Mexico is not the exception. Although the country began to liberalize the financial sector in the late 1980s, its intermediaries are still underdeveloped (De la Torre et al. 2012; Jiménez and Manuelito 2011). In the finance and growth literature, banking sector depth is measured mostly by bank credit to the private sector and deposit money bank assets as a percentage of gross domestic product (GDP) (King and Levine 1993a, b). Accordingly, in 1961 in Mexico the value of the first indicator was 20.49 % and of the second 21.21 %; whereas 50 years later bank credit to the private sector went down to 18.26 %, bank assets increased to 33.93 % (Global Financial Development Database 2013). Financial depth of Mexican banks is even worse than that of smaller economies such as Guatemala and Colombia. For instance, in 1961 their private sector bank credit as a percentage of GDP was 10.07 and 20.15, respectively, and in 2011 the values went up to 22.58 and 31.97. The same story repeats for bank assets: 10.20 and 20.50 % in 1961, and 35.15 and 39.78 % in 2011 (Global Financial Development Database 2013).

Some authors argue that in Mexico the lack of bank loans is associated to weak bankruptcy provisions (Hanson 2010; Bergoeing et al. 2002; Kehoe and Ruhl 2010); overall macroeconomic conditions significantly affecting loan supply or demand, through lending capacity and interest rates, respectively (Barajas and Steiner 2002); a banking sector with a reduced number of institutions (Haber 2009); or falling demand for loans even if interest rates have declined steeply in the last decade (Ríos and Salazar 2012). However, none of these authors address the issue analyzed in the present paper, which is the effect of inflation in determining the persistent low rates of bank credit to the private sector in the Mexican economy over the period 1969–2011.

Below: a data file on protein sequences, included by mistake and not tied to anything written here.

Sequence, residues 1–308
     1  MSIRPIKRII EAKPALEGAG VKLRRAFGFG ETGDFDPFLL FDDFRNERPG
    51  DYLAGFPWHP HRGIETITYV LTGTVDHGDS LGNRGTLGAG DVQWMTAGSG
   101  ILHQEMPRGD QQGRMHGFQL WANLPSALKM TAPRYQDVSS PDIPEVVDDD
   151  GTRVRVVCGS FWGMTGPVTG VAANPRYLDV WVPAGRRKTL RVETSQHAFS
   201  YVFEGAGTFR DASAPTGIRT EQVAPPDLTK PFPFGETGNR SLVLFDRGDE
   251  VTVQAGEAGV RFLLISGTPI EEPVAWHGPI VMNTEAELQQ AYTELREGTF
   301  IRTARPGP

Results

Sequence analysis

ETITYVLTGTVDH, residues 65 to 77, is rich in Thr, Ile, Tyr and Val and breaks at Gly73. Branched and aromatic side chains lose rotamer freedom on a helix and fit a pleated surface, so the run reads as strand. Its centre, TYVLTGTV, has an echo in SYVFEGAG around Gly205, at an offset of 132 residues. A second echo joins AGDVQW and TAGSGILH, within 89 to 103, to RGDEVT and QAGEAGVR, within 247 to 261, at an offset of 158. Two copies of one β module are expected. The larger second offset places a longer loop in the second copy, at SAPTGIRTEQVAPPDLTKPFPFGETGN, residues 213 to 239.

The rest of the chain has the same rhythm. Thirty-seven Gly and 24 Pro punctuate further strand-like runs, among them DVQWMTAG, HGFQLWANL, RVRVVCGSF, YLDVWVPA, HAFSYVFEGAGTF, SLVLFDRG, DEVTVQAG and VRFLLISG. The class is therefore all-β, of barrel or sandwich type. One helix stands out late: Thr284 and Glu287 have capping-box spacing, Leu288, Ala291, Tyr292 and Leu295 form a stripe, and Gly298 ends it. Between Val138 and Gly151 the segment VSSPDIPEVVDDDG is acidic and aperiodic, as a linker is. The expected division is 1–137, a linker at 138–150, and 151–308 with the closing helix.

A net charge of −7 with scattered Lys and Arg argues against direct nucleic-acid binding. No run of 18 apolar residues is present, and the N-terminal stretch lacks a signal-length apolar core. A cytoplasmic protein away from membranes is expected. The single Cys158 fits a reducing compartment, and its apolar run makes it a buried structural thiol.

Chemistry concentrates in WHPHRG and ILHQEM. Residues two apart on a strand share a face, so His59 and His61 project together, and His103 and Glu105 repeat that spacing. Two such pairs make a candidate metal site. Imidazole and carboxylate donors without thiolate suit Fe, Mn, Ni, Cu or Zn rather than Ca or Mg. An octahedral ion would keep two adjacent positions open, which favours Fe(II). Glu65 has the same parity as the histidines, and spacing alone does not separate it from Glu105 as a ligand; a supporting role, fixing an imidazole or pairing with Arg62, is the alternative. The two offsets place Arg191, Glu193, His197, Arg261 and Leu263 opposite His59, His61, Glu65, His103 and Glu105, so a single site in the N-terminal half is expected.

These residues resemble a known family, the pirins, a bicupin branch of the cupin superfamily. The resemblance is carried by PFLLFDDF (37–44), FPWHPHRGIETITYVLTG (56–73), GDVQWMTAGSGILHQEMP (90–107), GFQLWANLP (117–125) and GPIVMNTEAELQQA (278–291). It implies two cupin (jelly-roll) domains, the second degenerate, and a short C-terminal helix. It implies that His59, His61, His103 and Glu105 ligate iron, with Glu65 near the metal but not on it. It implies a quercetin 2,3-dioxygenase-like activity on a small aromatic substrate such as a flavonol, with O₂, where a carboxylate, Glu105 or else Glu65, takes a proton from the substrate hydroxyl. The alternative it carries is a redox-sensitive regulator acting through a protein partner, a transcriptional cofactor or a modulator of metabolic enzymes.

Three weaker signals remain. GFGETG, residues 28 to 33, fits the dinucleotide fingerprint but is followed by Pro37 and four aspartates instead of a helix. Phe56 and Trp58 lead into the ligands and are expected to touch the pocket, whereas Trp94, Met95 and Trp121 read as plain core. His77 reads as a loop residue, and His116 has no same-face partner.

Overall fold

We assume that the dynamics of inflation rates have distorted bank managers’ capacity to assess properly a firm’s potentially profitable investment, thus reducing the allocation of resources to the real economy. It is important to investigate private sector bank credit, because it has been pointed out as a key factor in explaining the country’s low investment rate and thereby economic growth (Moreno-Brid and Ross 2009)1, as well as inflation since it has been demonstrated that in Mexico higher inflation rates lead to greater uncertainty and lower growth (Grier and Grier 2006).